Life in the northern Sydney retirement village where 76-year-old Margie lives with her husband, Terry, used to be full of social events and community activities.
“We have monthly events like a Friday night BBQ, a happy hour, and craft [sessions]. They have all been cancelled,” she says.
“We have no functions on this month at all.
“Our library, kitchen, meeting rooms… all of our public gathering spaces have been closed.”
Elderly Australians are one of the groups most affected by the Covid-19 pandemic, and by the restrictions that have been placed on daily life to slow the virus’s spread.
Not only are they among the people most vulnerable to serious illness if they get infected, but they are unable to see family members, including grandchildren, unless they live with them.
Many aged care facilities and nursing homes have banned visitors altogether, leaving residents isolated from their families. Others have imposed strict restrictions, in line with government advice.
Margie and Terry enjoyed socialising with friends at their village, and are frustrated by the social distancing restrictions.
The government has urged people over 70 to self-isolate “to the maximum extent practicable”. Prime Minister Scott Morrison said this was “for their own protection, to limit their interaction with others in the community”.
Where aged care facilities do permit visits, the advice is that they should be kept short, involve no more than two visitors at a time, occur in a resident’s room (or outdoors) rather than a communal area, and not entail group visits or social activities.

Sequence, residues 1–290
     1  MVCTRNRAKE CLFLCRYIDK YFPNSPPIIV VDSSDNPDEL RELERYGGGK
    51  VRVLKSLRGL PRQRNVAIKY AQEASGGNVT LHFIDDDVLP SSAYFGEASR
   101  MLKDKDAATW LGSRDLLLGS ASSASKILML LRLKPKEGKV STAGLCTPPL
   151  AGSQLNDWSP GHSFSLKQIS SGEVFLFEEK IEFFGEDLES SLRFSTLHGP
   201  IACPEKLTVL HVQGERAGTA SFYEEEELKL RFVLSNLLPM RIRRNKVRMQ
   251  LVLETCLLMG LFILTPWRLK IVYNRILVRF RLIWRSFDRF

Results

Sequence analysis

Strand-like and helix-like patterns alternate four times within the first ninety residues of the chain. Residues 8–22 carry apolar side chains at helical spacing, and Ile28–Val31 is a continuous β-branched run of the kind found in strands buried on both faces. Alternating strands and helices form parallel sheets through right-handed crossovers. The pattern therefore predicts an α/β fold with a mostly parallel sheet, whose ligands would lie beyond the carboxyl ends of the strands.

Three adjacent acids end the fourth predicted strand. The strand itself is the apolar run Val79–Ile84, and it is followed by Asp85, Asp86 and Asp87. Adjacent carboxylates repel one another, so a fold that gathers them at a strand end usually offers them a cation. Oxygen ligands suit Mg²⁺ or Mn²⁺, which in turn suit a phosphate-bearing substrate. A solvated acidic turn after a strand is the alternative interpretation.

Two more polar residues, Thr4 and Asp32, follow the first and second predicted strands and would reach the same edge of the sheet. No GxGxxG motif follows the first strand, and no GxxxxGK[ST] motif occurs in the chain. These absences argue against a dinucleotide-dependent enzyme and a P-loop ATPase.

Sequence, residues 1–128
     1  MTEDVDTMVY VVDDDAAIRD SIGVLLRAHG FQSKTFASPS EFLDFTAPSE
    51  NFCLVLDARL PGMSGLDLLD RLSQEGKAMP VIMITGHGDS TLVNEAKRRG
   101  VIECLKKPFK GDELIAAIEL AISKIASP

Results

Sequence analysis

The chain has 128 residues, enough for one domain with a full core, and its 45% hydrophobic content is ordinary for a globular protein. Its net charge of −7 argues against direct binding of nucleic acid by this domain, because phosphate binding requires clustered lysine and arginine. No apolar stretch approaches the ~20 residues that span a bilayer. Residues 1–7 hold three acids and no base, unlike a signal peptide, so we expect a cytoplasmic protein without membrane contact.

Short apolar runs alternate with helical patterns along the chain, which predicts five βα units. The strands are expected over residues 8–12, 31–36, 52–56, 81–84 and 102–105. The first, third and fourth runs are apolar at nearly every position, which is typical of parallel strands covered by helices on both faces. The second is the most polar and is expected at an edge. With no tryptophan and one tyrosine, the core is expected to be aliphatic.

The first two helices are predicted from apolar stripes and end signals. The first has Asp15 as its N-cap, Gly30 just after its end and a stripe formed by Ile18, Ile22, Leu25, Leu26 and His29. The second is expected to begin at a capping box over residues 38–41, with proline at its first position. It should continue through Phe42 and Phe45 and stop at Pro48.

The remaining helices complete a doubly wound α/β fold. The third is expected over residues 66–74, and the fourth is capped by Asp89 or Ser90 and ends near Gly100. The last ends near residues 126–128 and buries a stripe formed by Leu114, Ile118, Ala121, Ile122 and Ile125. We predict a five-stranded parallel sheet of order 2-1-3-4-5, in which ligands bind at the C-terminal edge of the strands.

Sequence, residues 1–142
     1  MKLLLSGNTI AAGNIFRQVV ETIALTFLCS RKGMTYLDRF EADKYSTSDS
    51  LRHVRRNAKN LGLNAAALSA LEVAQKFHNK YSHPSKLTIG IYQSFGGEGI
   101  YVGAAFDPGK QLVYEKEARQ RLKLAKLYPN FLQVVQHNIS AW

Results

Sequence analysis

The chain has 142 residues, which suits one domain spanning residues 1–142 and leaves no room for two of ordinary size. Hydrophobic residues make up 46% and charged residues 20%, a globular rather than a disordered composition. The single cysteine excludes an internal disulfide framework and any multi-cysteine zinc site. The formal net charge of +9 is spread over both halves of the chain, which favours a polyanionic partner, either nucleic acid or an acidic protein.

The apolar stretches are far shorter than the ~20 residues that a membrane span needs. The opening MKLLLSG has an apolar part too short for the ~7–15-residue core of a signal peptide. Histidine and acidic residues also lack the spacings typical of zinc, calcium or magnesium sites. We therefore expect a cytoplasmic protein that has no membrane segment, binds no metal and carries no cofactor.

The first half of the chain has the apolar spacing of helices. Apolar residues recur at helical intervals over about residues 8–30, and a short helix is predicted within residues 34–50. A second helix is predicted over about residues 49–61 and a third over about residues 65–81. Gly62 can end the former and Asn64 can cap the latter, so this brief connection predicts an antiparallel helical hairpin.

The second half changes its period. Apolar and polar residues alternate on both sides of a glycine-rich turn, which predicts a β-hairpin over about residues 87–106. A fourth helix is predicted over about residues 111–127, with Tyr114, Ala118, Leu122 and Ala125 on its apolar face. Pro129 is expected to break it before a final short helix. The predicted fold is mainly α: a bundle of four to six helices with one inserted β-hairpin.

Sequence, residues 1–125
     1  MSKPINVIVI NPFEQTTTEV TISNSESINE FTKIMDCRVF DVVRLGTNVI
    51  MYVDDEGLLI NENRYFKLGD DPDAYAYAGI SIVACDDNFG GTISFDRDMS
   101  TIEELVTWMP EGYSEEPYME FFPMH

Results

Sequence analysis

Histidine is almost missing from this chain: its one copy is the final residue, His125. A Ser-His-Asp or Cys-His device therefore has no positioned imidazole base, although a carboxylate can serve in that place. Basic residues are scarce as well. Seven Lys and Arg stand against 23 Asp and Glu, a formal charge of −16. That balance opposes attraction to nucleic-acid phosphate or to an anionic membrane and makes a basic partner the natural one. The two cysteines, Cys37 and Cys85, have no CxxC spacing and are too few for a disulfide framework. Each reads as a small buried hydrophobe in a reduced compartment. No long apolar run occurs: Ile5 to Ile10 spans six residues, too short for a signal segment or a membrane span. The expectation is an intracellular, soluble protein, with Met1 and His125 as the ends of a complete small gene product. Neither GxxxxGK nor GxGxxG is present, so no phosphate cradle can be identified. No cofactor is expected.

Gail Shields, 73, who lives in an apartment in Bondi Junction, in Sydney’s eastern suburbs, with her partner, Charles, says: “I’m worried about getting sick.
“I’ve tried my best to stay inside at all times and have been sure to ration out the minimal groceries I purchased before this began.
“But I’m worried that I’ll run out of food, and I haven’t worked out how to do the groceries online yet.”
When she has needed to replenish supplies, Shields has been shopping at Coles during the hour reserved for older Australians, between 7-8am.
“I was a bit slow finding things because they did have empty shelves. And I was still there when 8 o’ clock came and masses of people came like an avalanche, so I had to get out quick.”
Shields is keeping her spirits up by doing jigsaw puzzles, exercising at home, and keeping up with family and friends by phone, including FaceTime.
“I used to play bridge with my friends four times a week to keep social, and now we have finally found a way to play together online.
“It’s been like exploring a whole new world. Even a little fun.”